- ‘there is no distinction, since all have sinned and fall short of the glory of God’ – Paul won’t let go of his theme of status-free, privilege-free, comparison-free common humanity. None of us are better than one another in our common problems, and none of us are worse than one another in our common opportunity to receive kindness from God.
- ‘they are now justified’ – If you didn’t grow up in a Christian, church-going setting, some of Paul’s language – steeped in Jewish culture and religion and scripture, on the one hand, and first century Greco-Roman people on the other – will feel kind of technical and foreign sometimes. But if you grew up in a Christian, church going setting, it might seem over-familiar, since so many Christian thinkers have spun theories about Paul’s language over the centuries. Either way, we’ll do our best to follow Paul’s line of thinking and ask how it might remain relevant good news for us in our times.So far Paul hasn’t seemed particularly interested in some of the questions later Christians talked so much about. He hasn’t been asking about an individual’s fate after death, for instance, as important as that question may be. He’s been wondering how God can fulfill his promises to set the world right, and how people can find grounds for our existence and meaning that don’t depend on comparing ourselves to others. He starts to address that second question here, saying human justification isn’t about our qualifications at all. Education, health, morality, ethnicity, status, privilege, popularity – none of those things makes life right and meaningful. The gift of Jesus, and particularly Jesus buying us out of being under the power of sin (3:9), makes our lives right.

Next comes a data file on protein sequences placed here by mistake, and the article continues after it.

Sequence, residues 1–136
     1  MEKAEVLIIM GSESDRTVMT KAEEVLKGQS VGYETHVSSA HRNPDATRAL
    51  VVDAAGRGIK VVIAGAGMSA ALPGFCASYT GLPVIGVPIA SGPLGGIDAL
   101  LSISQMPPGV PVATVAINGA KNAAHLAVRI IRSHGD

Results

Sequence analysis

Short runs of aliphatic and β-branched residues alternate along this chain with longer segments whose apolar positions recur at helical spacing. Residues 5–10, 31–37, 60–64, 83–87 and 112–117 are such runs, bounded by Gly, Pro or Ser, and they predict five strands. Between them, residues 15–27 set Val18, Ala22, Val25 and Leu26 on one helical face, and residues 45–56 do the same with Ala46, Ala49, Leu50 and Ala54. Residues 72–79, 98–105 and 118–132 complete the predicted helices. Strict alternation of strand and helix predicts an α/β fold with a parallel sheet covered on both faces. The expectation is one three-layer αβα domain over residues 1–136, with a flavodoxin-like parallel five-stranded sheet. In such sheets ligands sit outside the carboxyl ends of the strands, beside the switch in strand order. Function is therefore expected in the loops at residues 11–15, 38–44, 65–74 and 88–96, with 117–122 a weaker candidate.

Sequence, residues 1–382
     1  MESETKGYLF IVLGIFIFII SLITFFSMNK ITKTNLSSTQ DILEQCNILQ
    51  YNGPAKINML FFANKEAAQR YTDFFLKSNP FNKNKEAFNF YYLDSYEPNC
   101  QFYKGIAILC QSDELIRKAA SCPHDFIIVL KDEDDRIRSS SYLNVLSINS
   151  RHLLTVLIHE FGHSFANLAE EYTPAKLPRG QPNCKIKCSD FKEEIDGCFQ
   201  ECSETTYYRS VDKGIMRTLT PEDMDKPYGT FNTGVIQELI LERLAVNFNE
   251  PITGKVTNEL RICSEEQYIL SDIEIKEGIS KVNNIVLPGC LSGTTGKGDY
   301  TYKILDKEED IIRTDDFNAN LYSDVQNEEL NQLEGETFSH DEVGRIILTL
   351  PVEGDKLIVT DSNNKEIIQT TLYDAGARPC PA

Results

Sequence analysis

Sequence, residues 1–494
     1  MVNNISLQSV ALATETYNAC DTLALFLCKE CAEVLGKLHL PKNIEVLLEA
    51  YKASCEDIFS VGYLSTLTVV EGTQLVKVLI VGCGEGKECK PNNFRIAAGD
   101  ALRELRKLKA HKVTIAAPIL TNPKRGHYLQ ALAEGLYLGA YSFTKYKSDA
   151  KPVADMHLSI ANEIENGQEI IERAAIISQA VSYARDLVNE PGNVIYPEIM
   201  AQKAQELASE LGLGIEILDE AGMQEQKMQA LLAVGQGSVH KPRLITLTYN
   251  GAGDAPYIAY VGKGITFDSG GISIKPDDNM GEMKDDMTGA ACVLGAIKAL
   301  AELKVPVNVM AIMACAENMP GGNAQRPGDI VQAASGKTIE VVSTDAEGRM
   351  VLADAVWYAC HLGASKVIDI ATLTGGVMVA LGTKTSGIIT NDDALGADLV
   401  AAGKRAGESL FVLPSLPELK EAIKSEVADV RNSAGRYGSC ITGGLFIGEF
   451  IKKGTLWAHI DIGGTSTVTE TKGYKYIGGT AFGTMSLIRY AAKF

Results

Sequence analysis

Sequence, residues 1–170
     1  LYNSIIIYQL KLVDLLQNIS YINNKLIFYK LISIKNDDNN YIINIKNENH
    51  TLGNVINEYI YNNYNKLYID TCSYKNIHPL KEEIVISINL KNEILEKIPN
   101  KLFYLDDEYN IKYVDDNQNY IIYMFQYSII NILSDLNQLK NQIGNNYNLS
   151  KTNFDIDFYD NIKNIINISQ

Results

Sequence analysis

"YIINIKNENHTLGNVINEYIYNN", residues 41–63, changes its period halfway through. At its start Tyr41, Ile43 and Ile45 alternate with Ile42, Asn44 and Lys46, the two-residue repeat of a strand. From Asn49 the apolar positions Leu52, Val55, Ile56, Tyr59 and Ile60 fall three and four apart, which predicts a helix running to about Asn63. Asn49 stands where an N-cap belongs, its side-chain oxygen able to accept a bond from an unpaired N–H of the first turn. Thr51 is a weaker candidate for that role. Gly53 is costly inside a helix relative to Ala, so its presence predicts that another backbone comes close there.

- ‘whom God put forward as a sacrifice of atonement by his blood’ – “How?” would be a reasonable question. Paul will have more to say about this, but he starts by saying that on Jesus’ end, it has to do with his death, and on our end, it has to do with trust that this works, that Jesus’ death has something to do with God setting things right in the world and freeing us from problems of our own making. Paul (and we) will explore this idea more in chapters to come. For now, it’s fair to note that everything about this is surprising – that the long-dismantled Jewish sacrificial system would be at all relevant to Roman Gentiles (or us), that a shameful death would be at the center of God’s plans to make things right, or that the key to a meaningful life would be trusting something God does rather than doing anything unique ourselves. All of this is unexpected, to Paul and to the Romans, as well as to us.